THURSDAY 27 MARCH AT 2.00 p.m.

Opening with Alain Seban, President of the Centre Pompidou

Introduction by Jean-Hubert Martin
The general curator of the exhibition “Magiciens de la terre“ in 1989, Jean-Hubert-Martin is now an independent curator, after a period as a general heritage curator. The former director of the Kunsthalle in Berne, the Centre Pompidou Musée National d’Art Moderne, the Château d’Oiron, the Musée National des Arts d’Afrique et d’Océanie, the Museum Kunstpalast in Düsseldorf and FRAME France, he was the curator for numerous exhibitions, including the 5th Lyon Biennial, “Partage d’exotismes“ in 2000, “Altäre – Kunst zum Niederknien (“Altars – the art of bending the knee“) in Düsseldorf in 2001, “Africa Remix“ in Düsseldorf in 2005,“Une image peut en cacher une autre“ at the Grand Palais in 2009,“Dalí“ at the Centre Pompidou in 2013 and “Le Théâtre du monde“ at the Maison Rouge in 2013. L’Art au Large (Flammarion, 2012) features a collection of his texts.

“Art without borders: the last frontier of art ?“
 Laurent Jeanpierre
Twenty-five years ago, at the same time as the fall of the Berlin Wall, the exhibition “Magiciens de la terre“ represented a turning point in the representation and exhibition of so-called contemporary art. It provided a critical look at its ethnocentrism and helped to draw it into the globalisation process. With and after it, new fields of exploration and appreciation opened up to critics, curators, art historians, museum curators and dealers. The scope of art, constantly broadened by the modernist tradition, was pushed out even further – this time right to the bounds of non-Western otherness. For some, art without borders became the last frontier of art. With this movement, initiated by Jean-Hubert Martin, who was also its critical observer, new frontiers appeared nonetheless, which impeded the emergence of a contemporary art that fully recognised its differences.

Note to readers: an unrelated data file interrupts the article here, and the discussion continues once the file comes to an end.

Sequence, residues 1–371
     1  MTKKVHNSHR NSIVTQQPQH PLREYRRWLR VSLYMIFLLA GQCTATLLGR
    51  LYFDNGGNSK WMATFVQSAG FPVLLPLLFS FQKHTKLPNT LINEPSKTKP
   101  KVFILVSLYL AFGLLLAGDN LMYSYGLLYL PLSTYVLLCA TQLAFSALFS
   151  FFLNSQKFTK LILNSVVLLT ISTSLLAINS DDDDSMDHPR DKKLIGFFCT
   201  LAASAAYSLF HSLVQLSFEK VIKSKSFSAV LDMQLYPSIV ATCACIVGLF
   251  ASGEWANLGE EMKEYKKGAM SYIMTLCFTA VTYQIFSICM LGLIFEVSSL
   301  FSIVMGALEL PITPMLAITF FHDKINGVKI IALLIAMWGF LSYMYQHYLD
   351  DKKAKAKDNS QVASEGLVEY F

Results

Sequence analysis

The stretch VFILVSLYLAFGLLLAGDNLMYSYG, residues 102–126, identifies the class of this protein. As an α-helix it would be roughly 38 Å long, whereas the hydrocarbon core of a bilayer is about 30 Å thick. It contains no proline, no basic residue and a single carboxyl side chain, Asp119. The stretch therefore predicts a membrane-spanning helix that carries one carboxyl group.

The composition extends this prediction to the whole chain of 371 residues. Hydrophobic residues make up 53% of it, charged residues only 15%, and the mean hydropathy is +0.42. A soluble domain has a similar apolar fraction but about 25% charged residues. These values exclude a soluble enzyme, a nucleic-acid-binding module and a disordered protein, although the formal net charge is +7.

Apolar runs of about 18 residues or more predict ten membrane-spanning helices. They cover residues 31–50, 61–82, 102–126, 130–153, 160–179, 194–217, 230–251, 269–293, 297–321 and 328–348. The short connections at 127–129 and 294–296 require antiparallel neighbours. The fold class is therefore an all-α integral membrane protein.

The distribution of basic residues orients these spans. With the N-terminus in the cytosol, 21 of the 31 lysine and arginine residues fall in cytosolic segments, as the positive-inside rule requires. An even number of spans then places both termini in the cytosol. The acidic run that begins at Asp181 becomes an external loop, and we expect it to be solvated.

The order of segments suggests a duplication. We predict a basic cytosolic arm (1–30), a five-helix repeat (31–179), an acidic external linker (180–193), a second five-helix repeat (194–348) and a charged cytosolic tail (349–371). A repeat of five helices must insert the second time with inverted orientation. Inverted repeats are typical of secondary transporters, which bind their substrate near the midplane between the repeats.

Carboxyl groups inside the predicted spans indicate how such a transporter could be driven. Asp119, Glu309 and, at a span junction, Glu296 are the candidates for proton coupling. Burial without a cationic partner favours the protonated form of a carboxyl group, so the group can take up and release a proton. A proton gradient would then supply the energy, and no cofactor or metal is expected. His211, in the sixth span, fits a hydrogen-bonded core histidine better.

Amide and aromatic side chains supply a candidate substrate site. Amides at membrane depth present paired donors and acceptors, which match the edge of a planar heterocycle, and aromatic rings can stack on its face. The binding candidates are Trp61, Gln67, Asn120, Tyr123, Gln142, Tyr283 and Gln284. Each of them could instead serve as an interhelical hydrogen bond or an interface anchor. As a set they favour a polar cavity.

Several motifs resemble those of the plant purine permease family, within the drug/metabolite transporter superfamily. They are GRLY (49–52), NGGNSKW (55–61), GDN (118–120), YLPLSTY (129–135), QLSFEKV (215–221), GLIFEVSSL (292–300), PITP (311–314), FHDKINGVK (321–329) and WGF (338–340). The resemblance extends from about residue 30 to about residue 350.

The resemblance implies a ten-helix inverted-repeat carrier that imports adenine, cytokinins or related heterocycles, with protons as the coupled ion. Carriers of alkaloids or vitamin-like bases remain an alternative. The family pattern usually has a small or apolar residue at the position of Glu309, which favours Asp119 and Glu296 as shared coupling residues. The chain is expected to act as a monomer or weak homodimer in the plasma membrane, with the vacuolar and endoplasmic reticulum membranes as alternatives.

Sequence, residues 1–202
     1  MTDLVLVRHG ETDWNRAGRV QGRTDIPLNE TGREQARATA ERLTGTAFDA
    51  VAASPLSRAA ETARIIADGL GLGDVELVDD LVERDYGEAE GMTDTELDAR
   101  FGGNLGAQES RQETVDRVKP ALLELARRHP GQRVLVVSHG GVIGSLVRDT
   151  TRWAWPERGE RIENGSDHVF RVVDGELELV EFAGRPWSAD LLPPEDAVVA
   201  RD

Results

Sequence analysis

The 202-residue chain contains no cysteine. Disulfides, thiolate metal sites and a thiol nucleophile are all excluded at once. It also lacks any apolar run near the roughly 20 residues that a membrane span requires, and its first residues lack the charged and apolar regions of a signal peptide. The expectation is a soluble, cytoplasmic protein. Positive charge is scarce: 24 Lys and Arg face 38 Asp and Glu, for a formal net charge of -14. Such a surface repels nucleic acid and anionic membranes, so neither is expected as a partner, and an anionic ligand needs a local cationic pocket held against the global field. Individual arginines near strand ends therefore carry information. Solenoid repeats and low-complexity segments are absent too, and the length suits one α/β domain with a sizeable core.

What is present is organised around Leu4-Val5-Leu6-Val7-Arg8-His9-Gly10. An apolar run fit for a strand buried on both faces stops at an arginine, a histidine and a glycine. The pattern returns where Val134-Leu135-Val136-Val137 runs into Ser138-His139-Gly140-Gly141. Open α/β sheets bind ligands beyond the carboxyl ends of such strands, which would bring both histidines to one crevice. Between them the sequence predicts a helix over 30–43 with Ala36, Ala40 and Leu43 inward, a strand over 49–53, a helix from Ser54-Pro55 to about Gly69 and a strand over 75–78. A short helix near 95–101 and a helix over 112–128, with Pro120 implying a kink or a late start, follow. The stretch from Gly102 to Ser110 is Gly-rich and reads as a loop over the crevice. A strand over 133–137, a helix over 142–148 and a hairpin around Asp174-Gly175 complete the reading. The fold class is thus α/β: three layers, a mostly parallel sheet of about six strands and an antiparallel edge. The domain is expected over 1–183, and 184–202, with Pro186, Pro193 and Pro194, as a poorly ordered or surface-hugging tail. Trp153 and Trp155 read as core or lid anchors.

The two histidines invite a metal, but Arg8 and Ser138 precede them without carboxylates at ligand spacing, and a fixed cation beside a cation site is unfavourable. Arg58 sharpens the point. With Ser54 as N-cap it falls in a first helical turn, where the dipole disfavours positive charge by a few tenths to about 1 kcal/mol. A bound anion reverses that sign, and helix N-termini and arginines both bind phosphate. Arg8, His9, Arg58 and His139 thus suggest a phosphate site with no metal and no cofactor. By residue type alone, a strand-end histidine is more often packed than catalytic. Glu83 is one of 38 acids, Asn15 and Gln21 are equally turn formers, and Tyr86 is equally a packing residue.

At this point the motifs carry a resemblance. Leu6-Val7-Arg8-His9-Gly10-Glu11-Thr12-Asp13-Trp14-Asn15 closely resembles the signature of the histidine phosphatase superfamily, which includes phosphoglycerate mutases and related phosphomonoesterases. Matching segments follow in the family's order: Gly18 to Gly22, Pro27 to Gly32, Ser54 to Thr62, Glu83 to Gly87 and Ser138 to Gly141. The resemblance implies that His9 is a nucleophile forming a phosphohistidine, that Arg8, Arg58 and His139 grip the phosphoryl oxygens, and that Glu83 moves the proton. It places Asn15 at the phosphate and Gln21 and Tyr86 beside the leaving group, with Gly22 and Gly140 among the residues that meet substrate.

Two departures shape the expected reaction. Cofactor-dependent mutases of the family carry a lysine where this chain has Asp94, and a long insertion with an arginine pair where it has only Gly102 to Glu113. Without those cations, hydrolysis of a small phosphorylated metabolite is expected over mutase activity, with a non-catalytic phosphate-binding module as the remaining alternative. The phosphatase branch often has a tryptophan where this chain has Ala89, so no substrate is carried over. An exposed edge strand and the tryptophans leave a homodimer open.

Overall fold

“Mapping contemporary indigenous art after “Magiciens de la terre“
Jonathan Mane-Wheoki
A moment of awakening followed the exhibition “Magiciens de la terre“, enabling the indigenous contemporary art of New Zealand, Australia and the Pacific to emerge as a distinct category in the history of art, and gradually enter into contact with a global artistic network. Where does this phenomenon stand in the global history of art ? Why is it still not genuinely recognised in Europe ?

“Half-way between news and history : the reception of “Magiciens de la terre“
Daniel Soutif
At the time, the exhibition “Magiciens de la terre“ was often considered not to have kept its promises – particularly in terms of attendance. Over the next twenty-five years, perspective little by little completely erased this lukewarm reception, and Jean-Hubert Martin’s exhibition gradually established itself as a major event marking a key turning point in the late 20th century.

“Almost the same but not quite : the resistance of the marketisation of the global“
Niru Ratnam